Proteasome inhibition for treatment of leishmaniasis, Chagas disease and sleeping sickness

Shilpi Khare, Advait S Nagle, Agnes Biggart, Yin H Lai, Fang Liang, Lauren C Davis, S Whitney Barnes, Casey J N Mathison, Elmarie Myburgh, Mu-Yun Gao, J Robert Gillespie, Xianzhong Liu, Jocelyn L Tan, Monique Stinson, Ianne C Rivera, Jaime Ballard, Vince Yeh, Todd Groessl, Glenn Federe, Hazel X Y KohJohn D Venable, Badry Bursulaya, Michael Shapiro, Pranab K Mishra, Glen Spraggon, Ansgar Brock, Jeremy C Mottram, Frederick S Buckner, Srinivasa P S Rao, Ben G Wen, John R Walker, Tove Tuntland, Valentina Molteni, Richard J Glynne, Frantisek Supek

Research output: Contribution to journalArticlepeer-review


Chagas disease, leishmaniasis and sleeping sickness affect 20 million people worldwide and lead to more than 50,000 deaths annually. The diseases are caused by infection with the kinetoplastid parasites Trypanosoma cruzi, Leishmania spp. and Trypanosoma brucei spp., respectively. These parasites have similar biology and genomic sequence, suggesting that all three diseases could be cured with drugs that modulate the activity of a conserved parasite target. However, no such molecular targets or broad spectrum drugs have been identified to date. Here we describe a selective inhibitor of the kinetoplastid proteasome (GNF6702) with unprecedented in vivo efficacy, which cleared parasites from mice in all three models of infection. GNF6702 inhibits the kinetoplastid proteasome through a non-competitive mechanism, does not inhibit the mammalian proteasome or growth of mammalian cells, and is well-tolerated in mice. Our data provide genetic and chemical validation of the parasite proteasome as a promising therapeutic target for treatment of kinetoplastid infections, and underscore the possibility of developing a single class of drugs for these neglected diseases.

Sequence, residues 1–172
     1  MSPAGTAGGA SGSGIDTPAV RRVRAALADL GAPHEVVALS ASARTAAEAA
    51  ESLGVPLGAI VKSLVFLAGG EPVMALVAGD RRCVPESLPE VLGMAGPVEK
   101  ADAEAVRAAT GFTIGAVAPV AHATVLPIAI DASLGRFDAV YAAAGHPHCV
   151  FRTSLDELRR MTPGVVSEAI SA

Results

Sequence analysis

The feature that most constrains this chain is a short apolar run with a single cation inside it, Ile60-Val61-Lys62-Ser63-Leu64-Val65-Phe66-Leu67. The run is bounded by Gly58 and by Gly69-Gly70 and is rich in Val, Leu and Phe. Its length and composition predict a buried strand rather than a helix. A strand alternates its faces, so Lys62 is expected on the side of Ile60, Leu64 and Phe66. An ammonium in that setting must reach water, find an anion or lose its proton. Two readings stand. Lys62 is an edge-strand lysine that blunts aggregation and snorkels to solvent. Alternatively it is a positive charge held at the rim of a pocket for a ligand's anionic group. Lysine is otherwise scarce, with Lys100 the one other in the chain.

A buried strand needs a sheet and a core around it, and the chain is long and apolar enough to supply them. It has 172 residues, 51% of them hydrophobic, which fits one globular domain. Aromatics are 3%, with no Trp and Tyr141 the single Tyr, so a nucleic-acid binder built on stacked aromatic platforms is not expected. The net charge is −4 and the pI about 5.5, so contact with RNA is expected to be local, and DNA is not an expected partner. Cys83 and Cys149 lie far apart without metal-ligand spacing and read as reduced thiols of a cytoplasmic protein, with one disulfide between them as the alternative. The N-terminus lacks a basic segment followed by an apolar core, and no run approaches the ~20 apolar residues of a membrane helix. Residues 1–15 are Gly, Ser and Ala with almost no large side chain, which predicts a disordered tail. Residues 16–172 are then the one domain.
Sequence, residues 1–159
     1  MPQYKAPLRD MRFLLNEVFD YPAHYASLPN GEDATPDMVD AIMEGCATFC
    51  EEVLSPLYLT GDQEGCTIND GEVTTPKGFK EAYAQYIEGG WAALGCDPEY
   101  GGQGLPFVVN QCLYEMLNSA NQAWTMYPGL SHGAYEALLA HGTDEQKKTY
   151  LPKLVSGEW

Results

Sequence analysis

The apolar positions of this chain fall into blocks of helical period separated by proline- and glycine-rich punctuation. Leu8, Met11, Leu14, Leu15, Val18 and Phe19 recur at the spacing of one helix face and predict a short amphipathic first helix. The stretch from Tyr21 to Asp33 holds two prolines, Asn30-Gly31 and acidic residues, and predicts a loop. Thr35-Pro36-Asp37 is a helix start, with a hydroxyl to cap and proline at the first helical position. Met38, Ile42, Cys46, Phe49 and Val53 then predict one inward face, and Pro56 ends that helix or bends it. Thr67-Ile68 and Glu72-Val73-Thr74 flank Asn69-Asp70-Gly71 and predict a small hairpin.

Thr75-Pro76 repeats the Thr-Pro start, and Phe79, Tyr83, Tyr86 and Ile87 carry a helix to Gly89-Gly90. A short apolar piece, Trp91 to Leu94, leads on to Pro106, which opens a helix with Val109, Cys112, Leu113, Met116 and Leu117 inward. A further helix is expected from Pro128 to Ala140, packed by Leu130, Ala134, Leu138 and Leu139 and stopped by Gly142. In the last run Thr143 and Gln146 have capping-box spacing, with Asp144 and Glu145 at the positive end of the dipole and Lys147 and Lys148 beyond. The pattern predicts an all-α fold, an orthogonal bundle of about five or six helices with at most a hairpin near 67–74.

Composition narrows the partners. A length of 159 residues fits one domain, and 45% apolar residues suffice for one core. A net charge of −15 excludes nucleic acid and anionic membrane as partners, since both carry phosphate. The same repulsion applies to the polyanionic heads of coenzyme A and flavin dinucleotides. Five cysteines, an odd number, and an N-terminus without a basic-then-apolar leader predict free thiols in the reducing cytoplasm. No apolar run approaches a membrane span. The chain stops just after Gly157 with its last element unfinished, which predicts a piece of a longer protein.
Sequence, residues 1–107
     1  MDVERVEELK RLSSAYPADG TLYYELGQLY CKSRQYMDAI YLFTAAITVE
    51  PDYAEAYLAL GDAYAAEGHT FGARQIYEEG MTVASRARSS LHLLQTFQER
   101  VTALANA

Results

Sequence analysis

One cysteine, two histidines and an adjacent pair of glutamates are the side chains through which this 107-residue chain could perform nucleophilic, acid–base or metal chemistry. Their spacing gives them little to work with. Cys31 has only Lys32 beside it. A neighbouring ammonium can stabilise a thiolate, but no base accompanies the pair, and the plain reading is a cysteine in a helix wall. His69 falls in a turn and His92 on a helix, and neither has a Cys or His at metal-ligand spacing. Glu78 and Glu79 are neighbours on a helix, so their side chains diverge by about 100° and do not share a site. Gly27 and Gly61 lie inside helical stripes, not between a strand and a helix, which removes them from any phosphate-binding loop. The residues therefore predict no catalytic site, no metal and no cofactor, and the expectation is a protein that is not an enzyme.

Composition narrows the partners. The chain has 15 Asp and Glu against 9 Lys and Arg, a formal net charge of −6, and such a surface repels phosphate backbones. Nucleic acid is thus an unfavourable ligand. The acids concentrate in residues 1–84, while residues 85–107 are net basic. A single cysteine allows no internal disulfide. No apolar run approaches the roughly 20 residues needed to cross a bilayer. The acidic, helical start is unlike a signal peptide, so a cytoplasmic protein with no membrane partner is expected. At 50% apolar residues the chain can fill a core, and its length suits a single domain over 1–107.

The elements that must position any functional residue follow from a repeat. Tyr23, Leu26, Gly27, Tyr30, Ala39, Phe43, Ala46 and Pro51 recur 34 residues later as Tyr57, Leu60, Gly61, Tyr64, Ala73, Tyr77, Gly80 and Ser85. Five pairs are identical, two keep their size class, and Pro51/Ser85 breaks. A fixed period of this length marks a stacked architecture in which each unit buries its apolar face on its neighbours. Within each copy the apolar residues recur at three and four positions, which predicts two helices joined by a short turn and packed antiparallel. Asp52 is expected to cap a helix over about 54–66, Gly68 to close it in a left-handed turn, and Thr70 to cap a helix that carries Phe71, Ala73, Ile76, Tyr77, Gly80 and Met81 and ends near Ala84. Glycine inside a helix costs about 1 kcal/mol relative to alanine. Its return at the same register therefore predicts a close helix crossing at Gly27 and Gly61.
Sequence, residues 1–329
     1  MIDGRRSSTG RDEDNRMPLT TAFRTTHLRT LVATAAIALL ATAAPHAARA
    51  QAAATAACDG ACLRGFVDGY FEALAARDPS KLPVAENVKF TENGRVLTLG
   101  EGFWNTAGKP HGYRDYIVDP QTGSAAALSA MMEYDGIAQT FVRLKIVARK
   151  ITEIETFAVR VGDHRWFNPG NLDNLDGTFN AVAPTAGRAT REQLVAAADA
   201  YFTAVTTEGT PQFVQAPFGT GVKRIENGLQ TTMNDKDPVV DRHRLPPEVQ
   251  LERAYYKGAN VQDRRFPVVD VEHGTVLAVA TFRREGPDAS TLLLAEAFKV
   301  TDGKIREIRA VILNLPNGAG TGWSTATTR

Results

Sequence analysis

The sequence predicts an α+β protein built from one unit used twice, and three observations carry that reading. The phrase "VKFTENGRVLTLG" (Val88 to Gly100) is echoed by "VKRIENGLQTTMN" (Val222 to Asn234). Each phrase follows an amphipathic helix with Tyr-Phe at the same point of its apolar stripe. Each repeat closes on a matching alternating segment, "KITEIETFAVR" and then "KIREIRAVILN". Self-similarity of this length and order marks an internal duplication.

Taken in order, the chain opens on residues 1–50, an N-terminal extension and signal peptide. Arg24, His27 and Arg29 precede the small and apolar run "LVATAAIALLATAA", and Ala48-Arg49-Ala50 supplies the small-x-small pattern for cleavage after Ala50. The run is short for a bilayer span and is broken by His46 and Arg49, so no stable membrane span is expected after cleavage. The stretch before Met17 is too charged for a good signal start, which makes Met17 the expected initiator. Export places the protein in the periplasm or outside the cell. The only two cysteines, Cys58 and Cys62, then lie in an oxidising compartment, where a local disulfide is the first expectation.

Original languageEnglish
Pages (from-to)229-233
Number of pages5
Issue number7619
Early online date8 Aug 2016
Publication statusPublished - 8 Sept 2016

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